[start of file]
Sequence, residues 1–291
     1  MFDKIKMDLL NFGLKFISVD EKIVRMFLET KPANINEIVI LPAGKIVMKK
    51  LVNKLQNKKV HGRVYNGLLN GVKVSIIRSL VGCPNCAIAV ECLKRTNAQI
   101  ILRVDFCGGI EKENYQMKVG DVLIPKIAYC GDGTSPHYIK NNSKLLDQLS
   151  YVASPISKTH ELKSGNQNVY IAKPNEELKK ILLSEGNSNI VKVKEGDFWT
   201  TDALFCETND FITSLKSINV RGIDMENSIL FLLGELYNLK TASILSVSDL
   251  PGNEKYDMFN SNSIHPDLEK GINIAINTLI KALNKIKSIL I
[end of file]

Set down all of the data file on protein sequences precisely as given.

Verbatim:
Sequence, residues 1–291
     1  MFDKIKMDLL NFGLKFISVD EKIVRMFLET KPANINEIVI LPAGKIVMKK
    51  LVNKLQNKKV HGRVYNGLLN GVKVSIIRSL VGCPNCAIAV ECLKRTNAQI
   101  ILRVDFCGGI EKENYQMKVG DVLIPKIAYC GDGTSPHYIK NNSKLLDQLS
   151  YVASPISKTH ELKSGNQNVY IAKPNEELKK ILLSEGNSNI VKVKEGDFWT
   201  TDALFCETND FITSLKSINV RGIDMENSIL FLLGELYNLK TASILSVSDL
   251  PGNEKYDMFN SNSIHPDLEK GINIAINTLI KALNKIKSIL I